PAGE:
The company admitted earlier this week that it has orchestrated a cover-up to prevent hackers from making public data on 57 million riders and drivers that was leaked in October 2016. Seven million Uber drivers had their data exposed and 600,000 had their driver’s license numbers leaked.
CEO Dara Khosrowshahi didn’t deny reports that Uber paid hackers $100,000 to remain silent and delete the data. He apologized for the inconvenience and pledged to revamp the company’s business practices.
The Article 29 Working Party, E.U.’s data protection body said the issue would be analyzed on Nov. 28 and Nov. 29 when the regulators meet. E.U. regulators cannot sanction Uber but they can create task forces that can coordinate the investigations in different countries.
Europe Beefing Up Protections Against Any Data Breach
The E.U. is preparing a stronger data protection law for May 2018. After that date, regulators will be able to slap firms with hefty fines and their coordination powers will be greatly expanded.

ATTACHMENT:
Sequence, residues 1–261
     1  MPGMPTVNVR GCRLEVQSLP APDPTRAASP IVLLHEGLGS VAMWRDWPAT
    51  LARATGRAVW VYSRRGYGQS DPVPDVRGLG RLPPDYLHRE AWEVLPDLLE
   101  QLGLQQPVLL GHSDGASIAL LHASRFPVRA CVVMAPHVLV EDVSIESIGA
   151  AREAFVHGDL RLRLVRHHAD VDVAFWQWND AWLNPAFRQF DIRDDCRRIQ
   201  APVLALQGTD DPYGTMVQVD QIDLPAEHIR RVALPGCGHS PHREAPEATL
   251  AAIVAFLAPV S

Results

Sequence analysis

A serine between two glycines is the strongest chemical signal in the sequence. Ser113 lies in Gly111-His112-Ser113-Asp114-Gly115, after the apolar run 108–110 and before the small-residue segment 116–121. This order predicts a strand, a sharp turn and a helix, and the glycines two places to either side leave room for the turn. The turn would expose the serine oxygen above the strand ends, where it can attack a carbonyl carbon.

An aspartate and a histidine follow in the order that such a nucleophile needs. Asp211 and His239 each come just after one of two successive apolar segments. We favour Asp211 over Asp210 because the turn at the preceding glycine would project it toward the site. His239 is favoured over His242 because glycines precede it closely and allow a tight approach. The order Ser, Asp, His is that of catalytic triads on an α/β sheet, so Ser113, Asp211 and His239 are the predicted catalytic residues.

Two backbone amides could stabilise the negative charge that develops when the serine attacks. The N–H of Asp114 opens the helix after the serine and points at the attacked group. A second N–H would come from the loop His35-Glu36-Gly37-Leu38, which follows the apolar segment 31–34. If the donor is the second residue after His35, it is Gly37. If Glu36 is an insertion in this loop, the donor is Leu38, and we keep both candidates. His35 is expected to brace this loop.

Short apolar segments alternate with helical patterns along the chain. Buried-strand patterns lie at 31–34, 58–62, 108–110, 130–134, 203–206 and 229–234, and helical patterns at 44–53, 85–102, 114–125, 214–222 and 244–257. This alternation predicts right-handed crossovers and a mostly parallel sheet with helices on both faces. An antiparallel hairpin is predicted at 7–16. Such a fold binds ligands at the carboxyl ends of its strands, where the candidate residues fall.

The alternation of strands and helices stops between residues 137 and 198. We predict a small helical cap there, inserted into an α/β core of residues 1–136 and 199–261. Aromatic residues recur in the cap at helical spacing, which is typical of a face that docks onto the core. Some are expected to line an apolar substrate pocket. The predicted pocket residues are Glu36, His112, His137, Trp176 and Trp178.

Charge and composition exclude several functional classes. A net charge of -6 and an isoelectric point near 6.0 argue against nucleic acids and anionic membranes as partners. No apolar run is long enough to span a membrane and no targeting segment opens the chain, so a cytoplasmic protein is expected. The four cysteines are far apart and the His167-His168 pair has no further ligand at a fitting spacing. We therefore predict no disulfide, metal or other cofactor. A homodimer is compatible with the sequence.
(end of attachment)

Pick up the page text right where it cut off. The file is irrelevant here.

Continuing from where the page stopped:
The stolen info in the Uber breach included names, phone numbers, email accounts of users worldwide. The company claims that only the data of U.S. drivers was leaked and refused to name the other countries affected or the names of the hackers. We do know that there were at least to hackers.
The Italian Data Protection Authority voiced concerns over Uber’s practice of hiding such a massive breach from the public. Italian regulators launched their own investigation into the matter as they want to see how badly Italian users were affected.
The British said they had “huge concerns” about the U.S. company’s ethics in the wake of the attack and the cover-up.
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